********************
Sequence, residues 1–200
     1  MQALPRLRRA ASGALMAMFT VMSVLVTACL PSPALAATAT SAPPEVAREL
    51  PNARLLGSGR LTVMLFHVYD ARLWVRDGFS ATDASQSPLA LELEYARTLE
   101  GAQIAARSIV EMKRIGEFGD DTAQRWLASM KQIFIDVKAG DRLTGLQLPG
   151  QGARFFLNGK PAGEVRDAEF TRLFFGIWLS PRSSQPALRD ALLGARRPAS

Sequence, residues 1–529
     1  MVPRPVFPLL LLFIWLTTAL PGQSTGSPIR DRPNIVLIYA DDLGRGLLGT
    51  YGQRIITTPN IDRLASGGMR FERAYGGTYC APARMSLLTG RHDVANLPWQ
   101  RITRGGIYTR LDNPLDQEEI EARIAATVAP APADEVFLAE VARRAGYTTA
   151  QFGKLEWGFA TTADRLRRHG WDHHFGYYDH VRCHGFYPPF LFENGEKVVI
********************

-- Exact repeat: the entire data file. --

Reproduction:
Sequence, residues 1–200
     1  MQALPRLRRA ASGALMAMFT VMSVLVTACL PSPALAATAT SAPPEVAREL
    51  PNARLLGSGR LTVMLFHVYD ARLWVRDGFS ATDASQSPLA LELEYARTLE
   101  GAQIAARSIV EMKRIGEFGD DTAQRWLASM KQIFIDVKAG DRLTGLQLPG
   151  QGARFFLNGK PAGEVRDAEF TRLFFGIWLS PRSSQPALRD ALLGARRPAS

Sequence, residues 1–529
     1  MVPRPVFPLL LLFIWLTTAL PGQSTGSPIR DRPNIVLIYA DDLGRGLLGT
    51  YGQRIITTPN IDRLASGGMR FERAYGGTYC APARMSLLTG RHDVANLPWQ
   101  RITRGGIYTR LDNPLDQEEI EARIAATVAP APADEVFLAE VARRAGYTTA
   151  QFGKLEWGFA TTADRLRRHG WDHHFGYYDH VRCHGFYPPF LFENGEKVVI